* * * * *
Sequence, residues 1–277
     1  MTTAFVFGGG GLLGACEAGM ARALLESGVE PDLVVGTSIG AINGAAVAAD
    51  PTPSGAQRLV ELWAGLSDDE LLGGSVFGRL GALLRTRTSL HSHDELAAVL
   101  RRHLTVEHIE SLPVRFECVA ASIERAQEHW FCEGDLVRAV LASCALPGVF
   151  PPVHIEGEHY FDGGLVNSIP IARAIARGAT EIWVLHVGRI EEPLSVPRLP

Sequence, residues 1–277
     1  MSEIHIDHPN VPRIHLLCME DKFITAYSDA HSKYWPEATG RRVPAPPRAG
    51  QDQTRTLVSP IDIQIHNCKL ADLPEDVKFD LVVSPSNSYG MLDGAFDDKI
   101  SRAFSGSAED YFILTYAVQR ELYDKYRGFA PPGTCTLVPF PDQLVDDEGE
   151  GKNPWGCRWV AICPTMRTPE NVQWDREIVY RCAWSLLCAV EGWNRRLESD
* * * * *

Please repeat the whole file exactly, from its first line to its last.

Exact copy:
Sequence, residues 1–277
     1  MTTAFVFGGG GLLGACEAGM ARALLESGVE PDLVVGTSIG AINGAAVAAD
    51  PTPSGAQRLV ELWAGLSDDE LLGGSVFGRL GALLRTRTSL HSHDELAAVL
   101  RRHLTVEHIE SLPVRFECVA ASIERAQEHW FCEGDLVRAV LASCALPGVF
   151  PPVHIEGEHY FDGGLVNSIP IARAIARGAT EIWVLHVGRI EEPLSVPRLP

Sequence, residues 1–277
     1  MSEIHIDHPN VPRIHLLCME DKFITAYSDA HSKYWPEATG RRVPAPPRAG
    51  QDQTRTLVSP IDIQIHNCKL ADLPEDVKFD LVVSPSNSYG MLDGAFDDKI
   101  SRAFSGSAED YFILTYAVQR ELYDKYRGFA PPGTCTLVPF PDQLVDDEGE
   151  GKNPWGCRWV AICPTMRTPE NVQWDREIVY RCAWSLLCAV EGWNRRLESD